Using a #16 Royal Trude with a #18 caddis larva pattern of my own creation that I call Dirk’s Delight as a dropper, I aim for a likely looking quiet spot behind the big boulder that splits the river.
The Trude swirls slowly in the current, then I see a flash below it. Looked like a sizeable brown, but then my old eyes might have been deceived. I try again and this time there is no doubt—the Trude is walloped by a big brown. I set the hook, and the battle is on. But the little rod is no match for the leviathan, and he’s soon free. That pattern will be repeated at the next two pools above. Without waders, I am forced to make long casts into the best-looking pools, but don’t have enough backbone in the rod to set the hook or wrestle these beefy trout. Oddly, I don’t see or raise any small fish to the flies. Lesson learned—I shall return better equipped tomorrow.
Later that afternoon back at camp, I stop in the nearby Platoro general store and kibbutz with the clerk who is an avid angler. I learn that my experience isn’t unusual. Apparently big brownies have migrated out of the reservoir into the upper Conejos. He says the fishing can be spotty. Maybe because the big boys are eating all the smaller ones?
Next morning I’m up early and at the trailhead by 8:30 a.m. It’s a cool 55 degrees but will warm up to 70 by noon under a blue sky with some puffy white clouds. The wind is light. I pull on my chest waders, and resisting the urge to fish the Conejos canyon, I make the two-mile hike to the upper valley that will bring me to the Three Forks confluence where the Middle Fork, the North Fork, and the El Rito Azul creek meet.
Along the way I come across some lovely waterfalls and carpets of wildflowers that make for some nice breaks to photograph.
Above the Three Forks sign I take the trail to the left and soon cross the North Fork, which is barely a trickle (I’ll later find the main branch of the North Fork joins the Middle Fork further upstream). In 10 minutes, I come to a wide stretch of water where the tiny El Rito Azul and Middle Fork join. I get my rod ready to cast, then head up the Middle Fork.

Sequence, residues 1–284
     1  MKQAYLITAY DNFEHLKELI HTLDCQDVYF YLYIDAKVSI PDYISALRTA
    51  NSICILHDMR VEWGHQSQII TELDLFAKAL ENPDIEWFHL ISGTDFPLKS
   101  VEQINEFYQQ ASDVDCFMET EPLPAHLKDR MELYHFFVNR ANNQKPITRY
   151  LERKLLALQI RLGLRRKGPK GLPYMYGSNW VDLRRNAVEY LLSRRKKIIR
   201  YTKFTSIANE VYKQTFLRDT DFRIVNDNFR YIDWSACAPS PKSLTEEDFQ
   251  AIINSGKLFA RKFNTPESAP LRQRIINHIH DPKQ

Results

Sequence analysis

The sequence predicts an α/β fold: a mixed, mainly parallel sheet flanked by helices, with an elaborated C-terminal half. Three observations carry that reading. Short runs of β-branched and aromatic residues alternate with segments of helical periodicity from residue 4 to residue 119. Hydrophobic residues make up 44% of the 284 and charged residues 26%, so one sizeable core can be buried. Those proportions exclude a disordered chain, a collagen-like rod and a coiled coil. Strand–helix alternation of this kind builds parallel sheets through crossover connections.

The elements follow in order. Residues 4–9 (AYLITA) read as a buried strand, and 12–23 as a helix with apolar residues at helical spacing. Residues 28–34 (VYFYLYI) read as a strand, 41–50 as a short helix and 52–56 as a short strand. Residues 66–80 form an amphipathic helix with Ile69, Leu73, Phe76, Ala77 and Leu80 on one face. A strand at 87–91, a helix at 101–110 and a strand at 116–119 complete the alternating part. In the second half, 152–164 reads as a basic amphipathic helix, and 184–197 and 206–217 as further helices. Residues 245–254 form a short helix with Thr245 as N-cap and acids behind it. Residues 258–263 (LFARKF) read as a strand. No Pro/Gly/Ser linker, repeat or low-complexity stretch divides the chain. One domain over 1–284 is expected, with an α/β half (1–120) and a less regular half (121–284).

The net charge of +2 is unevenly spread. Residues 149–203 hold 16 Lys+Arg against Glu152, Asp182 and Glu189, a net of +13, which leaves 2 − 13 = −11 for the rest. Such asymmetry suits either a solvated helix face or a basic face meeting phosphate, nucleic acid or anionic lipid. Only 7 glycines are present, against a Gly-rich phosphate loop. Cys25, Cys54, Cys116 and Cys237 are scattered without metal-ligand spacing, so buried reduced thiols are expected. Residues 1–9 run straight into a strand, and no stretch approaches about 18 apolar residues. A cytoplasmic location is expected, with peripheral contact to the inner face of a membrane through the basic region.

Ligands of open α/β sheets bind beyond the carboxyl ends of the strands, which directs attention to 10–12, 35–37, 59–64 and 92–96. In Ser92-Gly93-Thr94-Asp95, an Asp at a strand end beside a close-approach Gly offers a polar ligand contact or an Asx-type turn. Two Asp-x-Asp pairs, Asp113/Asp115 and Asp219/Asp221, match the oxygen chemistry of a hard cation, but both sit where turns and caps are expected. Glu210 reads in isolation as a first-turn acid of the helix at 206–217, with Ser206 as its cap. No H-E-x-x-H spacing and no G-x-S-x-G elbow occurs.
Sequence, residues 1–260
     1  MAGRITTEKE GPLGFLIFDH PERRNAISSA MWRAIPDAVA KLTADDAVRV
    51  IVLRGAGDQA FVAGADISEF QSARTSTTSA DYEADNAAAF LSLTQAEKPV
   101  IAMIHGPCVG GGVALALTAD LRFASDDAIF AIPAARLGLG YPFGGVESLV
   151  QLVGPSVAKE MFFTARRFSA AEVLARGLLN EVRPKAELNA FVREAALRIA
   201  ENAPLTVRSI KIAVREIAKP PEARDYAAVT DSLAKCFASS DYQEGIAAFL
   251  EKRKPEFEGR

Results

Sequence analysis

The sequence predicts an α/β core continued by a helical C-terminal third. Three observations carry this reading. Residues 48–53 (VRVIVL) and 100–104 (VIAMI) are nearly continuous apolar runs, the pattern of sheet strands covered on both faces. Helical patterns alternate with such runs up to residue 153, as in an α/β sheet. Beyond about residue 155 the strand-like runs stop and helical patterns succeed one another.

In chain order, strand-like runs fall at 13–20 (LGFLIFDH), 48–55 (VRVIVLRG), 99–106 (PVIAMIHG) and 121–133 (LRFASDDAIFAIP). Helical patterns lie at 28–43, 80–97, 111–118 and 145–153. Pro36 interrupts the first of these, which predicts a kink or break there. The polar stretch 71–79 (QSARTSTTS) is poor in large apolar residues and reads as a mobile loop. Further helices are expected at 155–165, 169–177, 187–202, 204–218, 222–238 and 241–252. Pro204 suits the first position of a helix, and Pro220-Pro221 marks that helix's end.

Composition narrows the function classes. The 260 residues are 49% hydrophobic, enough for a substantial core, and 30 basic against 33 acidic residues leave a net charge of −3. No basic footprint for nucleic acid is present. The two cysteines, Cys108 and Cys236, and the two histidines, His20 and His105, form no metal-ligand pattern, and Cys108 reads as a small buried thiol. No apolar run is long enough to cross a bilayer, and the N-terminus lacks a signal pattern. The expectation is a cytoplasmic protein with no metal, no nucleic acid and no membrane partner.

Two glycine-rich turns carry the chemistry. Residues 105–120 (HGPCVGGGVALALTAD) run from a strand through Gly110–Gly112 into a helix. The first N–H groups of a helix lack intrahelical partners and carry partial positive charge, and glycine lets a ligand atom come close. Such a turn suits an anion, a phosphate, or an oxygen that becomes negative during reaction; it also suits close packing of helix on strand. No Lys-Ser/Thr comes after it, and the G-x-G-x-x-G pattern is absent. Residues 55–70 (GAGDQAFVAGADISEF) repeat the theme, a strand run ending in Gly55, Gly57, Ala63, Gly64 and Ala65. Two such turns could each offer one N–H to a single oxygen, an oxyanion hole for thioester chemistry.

The Middle Fork looks inviting, clear and with a good flow, about 30 cfs. But after 15-minutes of thrashing the water, I haven’t had a strike or even seen a fish. So far, there’s not much holding water where a big trout could hide. Dejectedly, I continue upstream and finally see some decent looking water ahead where the creek executes a big bend. I juice up the Trude to make sure it will float high and dry, and execute a perfect cast into the current just above the bend pool. The flow carries the fly into the deep pool where I can’t see the bottom. It lazily circles in a little quiet eddy…then suddenly disappears. I set the hook and all hell breaks loose. The big brown flies high into the air then heads directly downstream towards me. I head him off at the pass, and he retreats into the deep pool where I can feel him shaking his head in the depths. I move up towards the pool, net at the ready. We tussle for another minute, and finally the bruiser starts to relent and reluctantly comes towards the net. But when he sees me, the trout hits the afterburners and rockets past me downstream and dives into a massive snag along an undercut bank. I howl, unleashing an ungentlemanly barrage of expletives as my line goes limp. Dolefully, I wade towards the snag and grab my leader….and am shocked to feel the fish still on the line. Suddenly he spurts out from under the snag, somehow having untangled my line. Then he turns abruptly downstream again and jets by me through a riffle into another pool below, with me hard on his heels…uh, fins. Now the tide turns my way as he rests in the depths. He makes a couple of more runs, but with the stouter rod I manage to turn him and finally ease the brownie into my net…but just barely. He’s over 18-inches long and a hefty, dark golden beauty. After a quick photo and release, I sit down for a bit to calm my nerves.
In a few minutes, I start back upstream and decide I might as well run the flies through the bend pool again even though the commotion will have probably scared the daylights out of any other fish in the vicinity. Wrong! No sooner does the Trude slide into the pool, and it disappears. I lift the rod sharply and am fast onto another big brownie. I can see it’s a female, perhaps the beau of the big boy getting ready for some amorous adventures since it’s nearing fall spawning time. She heads deep then makes some slashing runs up and downstream. I scramble to block her exit and succeed in herding the lass back into the pool. Soon she slides into the net, a respectable 16-inches! However, the finny beauty gets the last laugh. I kneel and remove the hook, but as I grab my phone from my vest for a quick photo, she does a frenetic dance and slips out of my grip. She wriggles wildly in the thin shoreline water in a bid for freedom with me in hot pursuit on my knees. I lunged for her, but too late. Sprawled in the shallows, I have to laugh, thankful no one is there to take a video!